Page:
Margarethe "Grethe" Cammermeyer




Margarethe "Grethe" Cammermeyer. Born in Oslo Norway on March 24th, 1943 while the country was under Nazi occupation Margarethe is a former colonel in the Washington National Guard and a gay right activist. She became a United States citizen in 1960 and joined the U.S. Army and signed up for the Army Student Nurse Program in 1961 to help pay for her education. She received her B.S. in Nursing from the University of Maryland in 1963.

Margarethe was the highest-ranking official in the United States military to acknowledge her homosexuality while still in active duty. She successfully challenged the military’s policy banning homosexuals prior to the implementation of “Don’t Ask Don’t Tell.” She served a number of years in the Washington State National Guard as an open lesbian.

She met her partner, Diane Divelbess, in 1988, when she was 46 — after she had ended a 15-year marriage to a man and had four sons. In 1989, in response to a question during a routine security clearance interview, she disclosed that she is a lesbian. The "don't ask, don't tell" policy was not yet in effect at the time, and the National Guard began military discharge proceedings against her.

On June 11, 1992, she was honorably discharged from the military. Cammermeyer filed a lawsuit against the decision in civil court. In June 1994, Judge Thomas Zilly of the federal district court in Seattle ruled her discharge, and the ban on gays and lesbians serving in the military, unconstitutional. She returned to the National Guard and served as one of the few officially accepted openly gay or lesbian people in the armed forces until her retirement in 1997 when she received full military privileges after 31 years of service in the U.S. military. A television movie about Cammermeyer's story, Serving in Silence, was made in 1995, with Glenn Close starring as Cammermeyer. Its content was largely taken from Cammermeyer's autobiography of the same name. After retirement, Cammermeyer ran for the United States Congress in Washington's 2nd congressional district in 1998. She won the Democratic primary, but lost in the general election to Republican incumbent Jack Metcalf.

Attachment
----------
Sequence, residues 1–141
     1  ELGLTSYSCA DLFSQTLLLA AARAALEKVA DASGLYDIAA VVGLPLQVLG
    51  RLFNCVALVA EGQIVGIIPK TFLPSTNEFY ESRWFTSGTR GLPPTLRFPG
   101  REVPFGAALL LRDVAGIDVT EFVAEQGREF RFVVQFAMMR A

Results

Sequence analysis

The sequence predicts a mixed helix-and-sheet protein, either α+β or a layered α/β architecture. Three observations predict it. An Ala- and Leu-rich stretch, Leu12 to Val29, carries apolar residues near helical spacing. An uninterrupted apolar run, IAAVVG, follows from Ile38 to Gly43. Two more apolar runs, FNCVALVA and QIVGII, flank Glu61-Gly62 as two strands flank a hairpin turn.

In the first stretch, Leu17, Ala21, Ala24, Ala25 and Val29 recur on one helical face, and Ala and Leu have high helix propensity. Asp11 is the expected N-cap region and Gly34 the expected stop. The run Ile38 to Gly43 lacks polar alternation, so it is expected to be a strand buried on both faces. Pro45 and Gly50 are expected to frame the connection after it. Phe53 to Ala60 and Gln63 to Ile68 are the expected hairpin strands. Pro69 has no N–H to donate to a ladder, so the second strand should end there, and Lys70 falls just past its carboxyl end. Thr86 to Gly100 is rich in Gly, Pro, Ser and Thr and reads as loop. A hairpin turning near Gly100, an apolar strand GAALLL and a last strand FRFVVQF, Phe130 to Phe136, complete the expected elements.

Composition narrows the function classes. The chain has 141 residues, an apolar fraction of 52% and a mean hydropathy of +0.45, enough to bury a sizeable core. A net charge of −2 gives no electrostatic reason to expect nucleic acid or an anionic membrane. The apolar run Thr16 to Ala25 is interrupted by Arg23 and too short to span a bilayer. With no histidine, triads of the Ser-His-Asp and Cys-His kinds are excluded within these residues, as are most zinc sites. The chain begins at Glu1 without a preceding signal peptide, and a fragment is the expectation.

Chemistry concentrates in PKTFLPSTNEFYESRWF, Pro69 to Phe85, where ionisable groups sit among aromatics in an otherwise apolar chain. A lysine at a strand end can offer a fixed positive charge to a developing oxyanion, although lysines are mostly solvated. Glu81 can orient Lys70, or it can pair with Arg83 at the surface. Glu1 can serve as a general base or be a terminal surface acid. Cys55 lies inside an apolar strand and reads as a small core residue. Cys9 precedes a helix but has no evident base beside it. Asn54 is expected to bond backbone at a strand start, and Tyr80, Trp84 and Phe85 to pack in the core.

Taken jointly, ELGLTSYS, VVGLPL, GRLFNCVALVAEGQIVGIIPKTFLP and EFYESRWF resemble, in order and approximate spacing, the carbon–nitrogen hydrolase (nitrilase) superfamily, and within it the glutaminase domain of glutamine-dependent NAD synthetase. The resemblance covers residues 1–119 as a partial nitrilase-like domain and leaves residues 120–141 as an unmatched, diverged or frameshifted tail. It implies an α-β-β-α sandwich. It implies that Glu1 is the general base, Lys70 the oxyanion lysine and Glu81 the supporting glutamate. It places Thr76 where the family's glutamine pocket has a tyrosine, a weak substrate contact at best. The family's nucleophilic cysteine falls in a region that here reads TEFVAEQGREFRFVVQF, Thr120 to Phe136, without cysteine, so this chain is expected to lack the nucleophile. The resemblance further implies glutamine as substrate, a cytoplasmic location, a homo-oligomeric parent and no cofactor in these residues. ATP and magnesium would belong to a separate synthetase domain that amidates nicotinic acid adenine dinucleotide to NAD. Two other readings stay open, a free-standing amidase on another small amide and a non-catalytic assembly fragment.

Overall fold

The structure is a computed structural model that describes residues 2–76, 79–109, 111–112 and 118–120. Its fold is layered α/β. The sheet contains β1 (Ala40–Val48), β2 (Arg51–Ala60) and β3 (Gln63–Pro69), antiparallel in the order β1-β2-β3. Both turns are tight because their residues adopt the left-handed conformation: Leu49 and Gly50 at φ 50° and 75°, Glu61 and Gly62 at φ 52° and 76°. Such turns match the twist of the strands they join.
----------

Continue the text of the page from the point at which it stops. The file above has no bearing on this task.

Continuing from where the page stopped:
Her spirit of public service remains active. She hosted an internet talk show and recently she returned to law school.

One of her focuses is to continue to speak out on behalf of the gay and lesbian service members who serve in the military under an unjust Don't Ask, Don't Tell law. Another was the need to continue to challenge the anti-gay rhetoric in society, the ignorance, and the notion that, somehow, as gay and lesbian people we should be judged by another's God.